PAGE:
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District to prepare environmental impact statement for pumps project

The announcement Thursday that the U.S. Army Corps of Engineers Vicksburg District will prepare a supplemental environmental impact study for the Yazoo Area Pump Project has some officials hoping the study could lead to its start.

Peter Nimrod, chief engineer for the Mississippi Levee Board, called the announcement big news.

“We are just absolutely thrilled that the Corps is moving forward with this supplemental environmental impact statement,” he said. “All the new wetlands data they’ve got shows the pumps really won’t affect the wetlands hardly at all.”

The Levee Board members Thursday signed a resolution thanking the Corps for its actions and expressing their support for the pumps.

According to a press release announcing the study, District engineers and technical experts determined the need for an updated study based on recent floods and new data on the environment in the backwater area.

“New data indicates that the environmental impacts to wetlands and other natural and aquatic resources caused by a pumping plant would be substantially less than originally calculated in the 2007 Reformulation Study and Final Supplemental Environmental Impact Statement,” the release said.

In nine of the last 10 years, according to the release, the Yazoo Backwater Area has experienced significant flooding.

In 2019, flooding in the area caused two attributed deaths, hundreds of millions of dollars in damages, the flooding of more than 600 homes, the displacement of hundreds of residents and significant negative impacts on terrestrial and aquatic species.

“The historic floods we’ve had to endure over the last couple of years have shown that you need the pumps not only for the people and for the farmlands and the homes, but you need it for the wildlife, the environment, the fisheries,” Nimrod said. The last couple of years have really shown that the pumps are needed.”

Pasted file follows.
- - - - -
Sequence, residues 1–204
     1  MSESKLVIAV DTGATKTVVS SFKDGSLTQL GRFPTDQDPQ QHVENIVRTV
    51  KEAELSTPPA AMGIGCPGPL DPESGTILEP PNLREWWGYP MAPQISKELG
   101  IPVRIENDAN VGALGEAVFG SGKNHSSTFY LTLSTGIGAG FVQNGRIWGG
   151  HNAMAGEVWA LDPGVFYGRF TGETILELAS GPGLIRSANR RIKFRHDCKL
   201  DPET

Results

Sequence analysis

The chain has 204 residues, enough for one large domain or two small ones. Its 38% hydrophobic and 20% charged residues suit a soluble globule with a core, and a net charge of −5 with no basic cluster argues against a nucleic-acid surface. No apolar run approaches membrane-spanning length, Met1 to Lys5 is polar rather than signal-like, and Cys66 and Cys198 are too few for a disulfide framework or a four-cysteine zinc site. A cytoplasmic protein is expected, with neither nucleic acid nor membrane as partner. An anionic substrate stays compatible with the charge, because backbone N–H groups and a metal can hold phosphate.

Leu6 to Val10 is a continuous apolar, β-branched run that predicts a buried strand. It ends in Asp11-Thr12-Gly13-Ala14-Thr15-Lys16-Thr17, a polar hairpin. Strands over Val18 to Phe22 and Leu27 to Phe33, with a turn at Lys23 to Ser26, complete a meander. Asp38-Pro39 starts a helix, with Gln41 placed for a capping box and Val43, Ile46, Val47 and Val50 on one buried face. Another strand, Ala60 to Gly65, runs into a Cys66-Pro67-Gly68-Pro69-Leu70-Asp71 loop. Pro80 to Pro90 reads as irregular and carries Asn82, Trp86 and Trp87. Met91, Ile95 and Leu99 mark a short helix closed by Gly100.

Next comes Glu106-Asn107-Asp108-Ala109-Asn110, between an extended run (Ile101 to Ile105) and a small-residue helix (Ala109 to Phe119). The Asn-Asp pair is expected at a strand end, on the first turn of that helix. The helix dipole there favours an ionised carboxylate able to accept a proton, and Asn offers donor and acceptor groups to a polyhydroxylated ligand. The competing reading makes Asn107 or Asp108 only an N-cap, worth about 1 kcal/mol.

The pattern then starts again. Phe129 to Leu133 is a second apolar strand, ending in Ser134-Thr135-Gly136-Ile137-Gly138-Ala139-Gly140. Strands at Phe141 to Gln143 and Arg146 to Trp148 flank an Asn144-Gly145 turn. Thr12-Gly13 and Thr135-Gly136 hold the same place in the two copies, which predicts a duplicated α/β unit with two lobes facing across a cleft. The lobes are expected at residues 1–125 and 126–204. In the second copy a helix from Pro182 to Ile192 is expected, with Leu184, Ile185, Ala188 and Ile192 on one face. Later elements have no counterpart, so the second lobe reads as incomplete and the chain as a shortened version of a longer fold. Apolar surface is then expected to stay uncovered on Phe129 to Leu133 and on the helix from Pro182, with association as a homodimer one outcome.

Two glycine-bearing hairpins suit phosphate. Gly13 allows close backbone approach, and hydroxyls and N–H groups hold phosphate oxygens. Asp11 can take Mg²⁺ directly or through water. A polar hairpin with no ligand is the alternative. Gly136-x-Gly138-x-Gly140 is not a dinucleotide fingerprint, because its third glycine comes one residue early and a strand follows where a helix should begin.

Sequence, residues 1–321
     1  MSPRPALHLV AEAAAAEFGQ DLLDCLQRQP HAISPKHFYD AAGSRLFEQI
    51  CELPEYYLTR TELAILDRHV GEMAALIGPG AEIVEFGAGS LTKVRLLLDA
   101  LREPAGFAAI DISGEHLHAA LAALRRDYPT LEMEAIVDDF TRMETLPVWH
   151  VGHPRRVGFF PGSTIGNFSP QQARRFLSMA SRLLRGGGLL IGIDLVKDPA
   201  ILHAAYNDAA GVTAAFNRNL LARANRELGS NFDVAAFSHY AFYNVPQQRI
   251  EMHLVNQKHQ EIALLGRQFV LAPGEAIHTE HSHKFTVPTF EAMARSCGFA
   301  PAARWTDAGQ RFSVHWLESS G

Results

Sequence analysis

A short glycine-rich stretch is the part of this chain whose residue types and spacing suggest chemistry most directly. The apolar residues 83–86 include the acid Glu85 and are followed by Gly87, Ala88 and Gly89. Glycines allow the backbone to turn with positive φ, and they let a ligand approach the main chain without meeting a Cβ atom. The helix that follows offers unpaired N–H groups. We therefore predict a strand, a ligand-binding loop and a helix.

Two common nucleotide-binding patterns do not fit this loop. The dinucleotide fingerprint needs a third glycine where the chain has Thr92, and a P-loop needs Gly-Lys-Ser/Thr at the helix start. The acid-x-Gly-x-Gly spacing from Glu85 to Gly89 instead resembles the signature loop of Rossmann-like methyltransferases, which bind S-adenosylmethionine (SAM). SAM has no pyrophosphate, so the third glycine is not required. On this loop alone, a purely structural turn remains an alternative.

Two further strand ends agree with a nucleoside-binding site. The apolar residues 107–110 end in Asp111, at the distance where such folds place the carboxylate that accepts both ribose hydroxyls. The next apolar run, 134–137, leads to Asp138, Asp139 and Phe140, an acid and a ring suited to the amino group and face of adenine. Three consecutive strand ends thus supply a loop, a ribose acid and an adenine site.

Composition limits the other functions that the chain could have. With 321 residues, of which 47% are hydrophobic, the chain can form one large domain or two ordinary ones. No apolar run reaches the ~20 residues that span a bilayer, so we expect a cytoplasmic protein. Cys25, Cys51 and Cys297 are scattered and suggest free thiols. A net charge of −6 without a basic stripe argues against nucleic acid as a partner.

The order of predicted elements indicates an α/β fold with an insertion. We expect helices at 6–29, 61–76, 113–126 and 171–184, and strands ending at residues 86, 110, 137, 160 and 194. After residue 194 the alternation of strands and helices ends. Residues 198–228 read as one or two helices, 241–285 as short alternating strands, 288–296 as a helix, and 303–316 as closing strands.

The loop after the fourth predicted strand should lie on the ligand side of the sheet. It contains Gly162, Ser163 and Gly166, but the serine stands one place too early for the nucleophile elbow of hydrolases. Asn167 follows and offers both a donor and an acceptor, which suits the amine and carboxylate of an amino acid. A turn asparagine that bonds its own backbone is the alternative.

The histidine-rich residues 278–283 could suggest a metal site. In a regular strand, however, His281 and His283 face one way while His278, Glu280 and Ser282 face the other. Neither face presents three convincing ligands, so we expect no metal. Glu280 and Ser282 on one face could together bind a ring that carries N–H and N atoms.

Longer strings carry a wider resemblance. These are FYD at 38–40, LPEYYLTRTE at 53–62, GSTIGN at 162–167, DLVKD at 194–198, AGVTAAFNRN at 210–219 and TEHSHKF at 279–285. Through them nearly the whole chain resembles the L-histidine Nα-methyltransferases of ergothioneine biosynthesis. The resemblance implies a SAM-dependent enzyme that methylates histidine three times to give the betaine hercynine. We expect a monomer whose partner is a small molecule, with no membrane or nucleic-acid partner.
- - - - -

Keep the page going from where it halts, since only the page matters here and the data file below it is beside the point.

He said the notice of intent includes information about a new, modified project that will include moving the pumps to a different location and also includes well fields along the levee that can pump water into the Delta during low flood season, for the aquatics and fisheries.

According to the notice on intent in the Federal Register, the site being considered for the pumping station will be near Deer Creek in Warren County.

“The Corps and the EPA have been working together over the last year and it’s now come to the point where Congress gave money to the Corps to work on the environmental documentation, and that’s exactly what they’re doing,” Nimrod said.

He said the study is expected to be released by October, “Which is a very aggressive schedule which is great, because the sooner the better. So 2021, we can actually get to the point where we can start working on the pumps.

“It’s a great day for the pumps and we’re looking forward to having the SEIS to review in the fall and hopefully with the pumps starting to be built in 2021.

Warren County Emergency Management Director John Elfer was glad to hear the announcement and expressed hope the project stays on track.